The structural and functional construct of a motor symphony as a description for the organisation of the nervous system seems reasonable. In tune with our earlier models of the nervous system as a multitude of boxes within boxes, the motor symphony can be used to describe both structure and function in a way that implicates both aspects of the existence of the nervous system simultaneously- structure cannot be separated from function if we choose to question why an organism has a particular structure. Thus each section of the orchestra is analogous to the various centers of "higher" function, and each instrument is analogous either to the neuron itself, or to extremely simple and repeated combinations of neurons.

A motor symphony hence implies that a score is stored somewhere, which leads to the idea of central pattern generation. Behaviourally, a stored score is analogous to a certain type of behaviour being genetically determined.

We are taught that phenotypes, the physical manifestations of the genetic makeup of the organism, are influenced partly by genes and partly by the environment, and partly by developmental noise. It is the degree to which each component acts on the organism that results in the final masterpiece that is the behaviour in question. Thus a stored score may not have a component that is environmentally determined. It is usually the environment that ACTIVATES the score, and causes the harmonious (or not so harmonious) interaction of the various instruments, but the score is predetermined.

Perhaps all behaviours, when reduced to their fundamental characteristics, are predetermined. Perhaps the different complex behaviours that we observe in our daily lives are merely different patterns of interactions, different sections of the symphony playing different pieces at different times relative to one another and to each other within the section as well.

Perhaps learned behaviour is only the activation of existing circuits that have never been used before. Much of the neural matter that we are born with degenerates as we age. Theories suggest that this occurs because these pathways fall into disuse, or are never used, and so are destroyed to increase the efficiency of the functioning of the nervous system. This supports the view that much or all of what we do is based on predetermined circuitry, the infinite combinations of which give rise to variation in observed behaviours.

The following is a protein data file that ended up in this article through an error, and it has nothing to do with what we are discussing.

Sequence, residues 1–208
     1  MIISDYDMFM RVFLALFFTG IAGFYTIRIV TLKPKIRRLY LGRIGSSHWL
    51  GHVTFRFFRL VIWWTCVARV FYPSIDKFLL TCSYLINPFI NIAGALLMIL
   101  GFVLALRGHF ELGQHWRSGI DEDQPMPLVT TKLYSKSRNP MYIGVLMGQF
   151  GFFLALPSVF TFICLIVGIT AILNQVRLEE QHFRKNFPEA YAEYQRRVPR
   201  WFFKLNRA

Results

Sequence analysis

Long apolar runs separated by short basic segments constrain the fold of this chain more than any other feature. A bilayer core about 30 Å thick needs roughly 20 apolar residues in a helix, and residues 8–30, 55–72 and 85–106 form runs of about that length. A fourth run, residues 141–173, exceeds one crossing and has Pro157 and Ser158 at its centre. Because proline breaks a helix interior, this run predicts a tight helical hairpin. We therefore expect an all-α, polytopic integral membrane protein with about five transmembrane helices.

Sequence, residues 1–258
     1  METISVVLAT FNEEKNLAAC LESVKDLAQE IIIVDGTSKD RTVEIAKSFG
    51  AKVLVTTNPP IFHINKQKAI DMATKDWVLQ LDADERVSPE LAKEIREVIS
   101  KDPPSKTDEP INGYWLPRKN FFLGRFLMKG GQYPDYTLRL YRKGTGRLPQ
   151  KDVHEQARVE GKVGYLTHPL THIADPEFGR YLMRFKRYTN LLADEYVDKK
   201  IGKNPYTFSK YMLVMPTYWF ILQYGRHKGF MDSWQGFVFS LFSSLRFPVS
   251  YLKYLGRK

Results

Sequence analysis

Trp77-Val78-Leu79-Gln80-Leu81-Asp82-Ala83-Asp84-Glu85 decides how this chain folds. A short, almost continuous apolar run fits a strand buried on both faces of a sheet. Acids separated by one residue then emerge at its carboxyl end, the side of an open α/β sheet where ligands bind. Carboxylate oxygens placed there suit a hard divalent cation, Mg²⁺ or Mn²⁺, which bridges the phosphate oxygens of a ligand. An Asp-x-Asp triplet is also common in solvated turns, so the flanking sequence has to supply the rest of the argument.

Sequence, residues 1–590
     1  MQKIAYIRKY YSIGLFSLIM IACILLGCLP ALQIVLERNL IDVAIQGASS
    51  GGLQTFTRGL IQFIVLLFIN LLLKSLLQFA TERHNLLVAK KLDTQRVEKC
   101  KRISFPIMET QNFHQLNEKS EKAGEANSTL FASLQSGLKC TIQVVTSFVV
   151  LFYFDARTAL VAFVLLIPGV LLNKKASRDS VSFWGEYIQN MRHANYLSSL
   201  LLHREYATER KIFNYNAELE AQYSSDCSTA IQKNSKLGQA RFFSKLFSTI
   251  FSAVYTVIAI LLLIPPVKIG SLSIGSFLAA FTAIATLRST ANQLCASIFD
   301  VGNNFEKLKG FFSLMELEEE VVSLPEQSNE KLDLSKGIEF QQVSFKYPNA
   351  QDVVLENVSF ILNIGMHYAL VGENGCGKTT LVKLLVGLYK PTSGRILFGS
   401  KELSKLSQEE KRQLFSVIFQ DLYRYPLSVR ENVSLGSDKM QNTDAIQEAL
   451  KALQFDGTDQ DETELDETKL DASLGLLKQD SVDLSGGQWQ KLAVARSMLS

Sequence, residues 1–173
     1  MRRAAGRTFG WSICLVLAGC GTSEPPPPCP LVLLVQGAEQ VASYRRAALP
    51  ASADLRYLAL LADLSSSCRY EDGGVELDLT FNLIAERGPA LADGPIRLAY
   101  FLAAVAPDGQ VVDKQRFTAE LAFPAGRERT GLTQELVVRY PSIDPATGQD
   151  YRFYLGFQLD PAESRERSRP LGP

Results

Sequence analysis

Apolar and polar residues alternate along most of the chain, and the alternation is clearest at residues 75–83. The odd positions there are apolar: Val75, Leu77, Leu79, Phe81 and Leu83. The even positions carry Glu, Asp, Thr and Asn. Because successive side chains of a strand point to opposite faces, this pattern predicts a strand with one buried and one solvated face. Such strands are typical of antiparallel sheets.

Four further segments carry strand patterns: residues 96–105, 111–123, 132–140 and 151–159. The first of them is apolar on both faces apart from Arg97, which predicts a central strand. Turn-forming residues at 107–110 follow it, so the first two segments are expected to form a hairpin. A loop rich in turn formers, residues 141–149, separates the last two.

But all this implies a central pattern existence, not a central pattern generation. The latter implies that the pattern does eventually become a stored score to be used perhaps periodically by the motor symphony, but that its initiation occurred not as a function of it genetic makeup, but due to other factors which could be internal or external.

Thus the concept of a motor symphony, in conjunction with that of central pattern generation, seems to be reasonably adept at explaining behaviours that require the pre- existence of deterministic factors. The various sections of the orchestra look to the conductor for instruction, as well as to the score. While each individual is aware of his/ her individual role, it lies with the conductor to coordinate the various movements, while adding a bit of his own style in so that the whole is more than just the sum of its parts. This could be used to describe the functioning of the brain as the central processing house, but it doesn't explain very well the observation that some behaviours seem to bypass the brain- the autonomy of the spinal cord distributes labour that is not described by the motor symphony construct. Perhaps we need another addendum to the integral idea, to encompass a wider range of observed behaviours.

Very interesting wrestling with the concepts and their broader implications. Certainly the ideas of motor symphony and central pattern generation can generalize to wider spheres of behavior, as you do. Careful, though, about the simplification (and fatalization) that everything is there at the outset, with nothing really "new" ever happening. Yes, there is a lot of initial structure, but there is also a persistent capacity to create new structure (hence, not all behavior has to be a subset or reorganization of what originally there). Careful too about looking for a "conductor". What we'll find (I think) is that the "brain" is just a collection of interacting boxes, in the same sense that the "brain" and "spinal cord" are interacting boxes (and in the same sense that swimmeret beat emerges from the interactions among the boxes, rather than having a master box or conductor). "Coordination", in general, has to come out of the interactions (somehow). But yes, we'll need another addendum "to encompass a wider range of observed behaviors". Not a conductor, but at least one other box, the I-function. PG